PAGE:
EdGr 06-28-2020 09:50 AM

"bool" is being overloaded. The function call is implied. http://www.cplusplus.com/reference/i.../operator_bool

IMO, overloading is a terrible feature. A reader can't look at code and figure out what it does without also looking at a bunch of declarations. It is much better to explicitly call the appropriate function.
Ed

SoftSprocket 06-28-2020 10:01 AM

Actually, it's not a pointer , it's a class object and it can't be converted to a number but since the !operator (and bool operator) is overloaded you can test it with a bool operation.
i.e.
Code:

class A {
        public:
                operator bool () {
                        return true;
                }

                bool operator! () {
                        return false;
                }

};


Jerry Mcguire 06-28-2020 11:06 AM

Then it's no magic. Just operator bool().

Code:

{
        class MyClass {
        public:
                MyClass(const std::string& filename)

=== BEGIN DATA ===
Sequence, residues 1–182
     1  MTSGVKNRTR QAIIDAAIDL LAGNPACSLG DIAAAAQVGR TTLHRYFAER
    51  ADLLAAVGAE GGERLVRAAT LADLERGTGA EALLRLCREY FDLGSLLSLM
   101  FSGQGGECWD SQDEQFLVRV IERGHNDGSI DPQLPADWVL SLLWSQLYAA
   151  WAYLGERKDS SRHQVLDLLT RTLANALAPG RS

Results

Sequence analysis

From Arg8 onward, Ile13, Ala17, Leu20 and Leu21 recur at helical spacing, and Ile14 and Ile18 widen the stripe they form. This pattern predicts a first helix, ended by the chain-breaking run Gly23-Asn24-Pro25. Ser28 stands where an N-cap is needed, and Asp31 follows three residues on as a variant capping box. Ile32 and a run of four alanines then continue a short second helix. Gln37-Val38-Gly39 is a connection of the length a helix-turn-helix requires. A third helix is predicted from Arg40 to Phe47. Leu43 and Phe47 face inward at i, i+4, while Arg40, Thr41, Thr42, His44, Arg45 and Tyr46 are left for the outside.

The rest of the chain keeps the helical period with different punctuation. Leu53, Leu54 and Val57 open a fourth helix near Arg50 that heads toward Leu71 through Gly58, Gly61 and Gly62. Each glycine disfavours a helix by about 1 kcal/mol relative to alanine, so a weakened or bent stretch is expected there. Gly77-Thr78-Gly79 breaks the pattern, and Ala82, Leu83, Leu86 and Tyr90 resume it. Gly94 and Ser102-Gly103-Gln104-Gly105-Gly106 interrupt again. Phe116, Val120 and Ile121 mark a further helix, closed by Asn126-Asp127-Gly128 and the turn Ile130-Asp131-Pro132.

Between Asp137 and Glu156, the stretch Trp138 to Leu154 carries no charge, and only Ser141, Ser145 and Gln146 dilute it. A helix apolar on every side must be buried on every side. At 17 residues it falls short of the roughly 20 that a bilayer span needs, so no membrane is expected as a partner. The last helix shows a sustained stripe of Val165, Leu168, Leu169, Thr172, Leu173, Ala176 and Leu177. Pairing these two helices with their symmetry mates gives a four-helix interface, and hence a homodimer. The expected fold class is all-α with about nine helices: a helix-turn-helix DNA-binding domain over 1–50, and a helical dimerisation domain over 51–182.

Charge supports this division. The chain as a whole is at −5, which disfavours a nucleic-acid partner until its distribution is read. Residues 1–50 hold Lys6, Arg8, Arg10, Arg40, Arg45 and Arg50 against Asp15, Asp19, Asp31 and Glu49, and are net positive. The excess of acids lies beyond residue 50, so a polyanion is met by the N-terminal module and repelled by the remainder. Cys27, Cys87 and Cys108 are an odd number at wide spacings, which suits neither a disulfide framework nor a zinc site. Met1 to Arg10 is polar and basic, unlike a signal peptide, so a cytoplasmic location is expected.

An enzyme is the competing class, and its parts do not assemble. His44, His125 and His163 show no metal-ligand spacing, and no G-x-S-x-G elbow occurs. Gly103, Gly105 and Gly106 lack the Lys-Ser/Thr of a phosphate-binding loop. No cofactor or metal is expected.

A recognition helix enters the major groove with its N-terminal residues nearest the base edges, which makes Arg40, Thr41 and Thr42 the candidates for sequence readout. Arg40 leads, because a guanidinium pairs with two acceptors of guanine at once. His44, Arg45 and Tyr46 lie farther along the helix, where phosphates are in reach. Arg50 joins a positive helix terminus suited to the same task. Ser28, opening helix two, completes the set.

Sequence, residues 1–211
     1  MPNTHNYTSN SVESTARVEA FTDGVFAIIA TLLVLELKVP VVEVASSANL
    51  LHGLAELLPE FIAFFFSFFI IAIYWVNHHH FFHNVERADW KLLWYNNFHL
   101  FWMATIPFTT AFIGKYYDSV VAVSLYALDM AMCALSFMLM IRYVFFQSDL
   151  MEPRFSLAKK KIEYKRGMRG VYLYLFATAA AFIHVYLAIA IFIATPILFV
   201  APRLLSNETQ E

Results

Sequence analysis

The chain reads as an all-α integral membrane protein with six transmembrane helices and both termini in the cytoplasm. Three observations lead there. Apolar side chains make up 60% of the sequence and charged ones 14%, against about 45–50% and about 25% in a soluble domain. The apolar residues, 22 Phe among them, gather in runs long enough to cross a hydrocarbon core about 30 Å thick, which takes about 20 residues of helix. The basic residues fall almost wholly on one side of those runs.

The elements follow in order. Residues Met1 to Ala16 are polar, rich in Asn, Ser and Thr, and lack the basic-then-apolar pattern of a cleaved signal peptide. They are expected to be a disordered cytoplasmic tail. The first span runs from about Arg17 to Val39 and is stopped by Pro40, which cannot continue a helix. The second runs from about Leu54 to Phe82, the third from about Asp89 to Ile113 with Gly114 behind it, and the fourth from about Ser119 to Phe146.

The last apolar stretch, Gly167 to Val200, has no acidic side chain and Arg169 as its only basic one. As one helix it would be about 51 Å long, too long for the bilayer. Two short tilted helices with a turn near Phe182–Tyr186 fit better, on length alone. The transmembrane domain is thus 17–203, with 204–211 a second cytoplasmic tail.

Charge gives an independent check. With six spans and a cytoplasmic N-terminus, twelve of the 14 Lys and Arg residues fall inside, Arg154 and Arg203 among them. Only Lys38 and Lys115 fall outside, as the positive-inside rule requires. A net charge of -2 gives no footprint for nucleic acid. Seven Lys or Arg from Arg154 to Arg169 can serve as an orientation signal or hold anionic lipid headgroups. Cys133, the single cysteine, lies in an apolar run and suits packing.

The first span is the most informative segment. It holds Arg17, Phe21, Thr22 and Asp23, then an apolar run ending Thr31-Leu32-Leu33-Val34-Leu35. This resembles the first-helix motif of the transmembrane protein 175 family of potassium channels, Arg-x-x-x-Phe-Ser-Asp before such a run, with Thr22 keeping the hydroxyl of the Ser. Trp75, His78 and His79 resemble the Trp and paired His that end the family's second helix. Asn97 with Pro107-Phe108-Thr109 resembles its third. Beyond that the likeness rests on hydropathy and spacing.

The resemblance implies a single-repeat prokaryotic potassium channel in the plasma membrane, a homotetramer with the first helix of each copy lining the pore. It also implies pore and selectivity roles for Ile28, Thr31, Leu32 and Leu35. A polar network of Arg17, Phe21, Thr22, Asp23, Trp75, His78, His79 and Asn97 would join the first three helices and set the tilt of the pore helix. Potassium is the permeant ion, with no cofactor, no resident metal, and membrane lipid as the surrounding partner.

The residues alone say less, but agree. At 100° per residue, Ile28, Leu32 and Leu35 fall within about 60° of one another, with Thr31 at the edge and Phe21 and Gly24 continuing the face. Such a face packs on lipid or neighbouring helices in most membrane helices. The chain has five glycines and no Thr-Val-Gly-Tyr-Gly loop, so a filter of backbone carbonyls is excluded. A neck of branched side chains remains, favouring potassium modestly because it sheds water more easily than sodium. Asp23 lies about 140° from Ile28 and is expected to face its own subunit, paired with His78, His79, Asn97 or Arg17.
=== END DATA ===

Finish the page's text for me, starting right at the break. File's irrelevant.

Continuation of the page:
: iF(filename)
                {
                }
                std::ifstream iF;
                explicit operator bool() const { return static_cast<bool>(iF); } // <-- Ha!
        };

        MyClass c( "foo" );
        if (c) {
                std::cerr << "foo valid.\n";
        }
        else {
                std::cerr << "foo not valid.\n";
        }
}

Thanks.

dugan 06-28-2020 10:09 PM

After a quick trip to http://www.cplusplus.com/reference/f...ream/ifstream/

Code:

#include <iostream>
#include <fstream>

int main()
{
  using namespace std;
  ifstream f("nonexistent");
  cout << f.fail() << "\n";
  return 0;
}

That prints "1".

dugan 06-28-2020 10:17 PM

Quote:

Originally Posted by Jerry Mcguire (Post 6138757)
It sounds simple enough when trying to open a file or to test the existence of a file.

Code:

{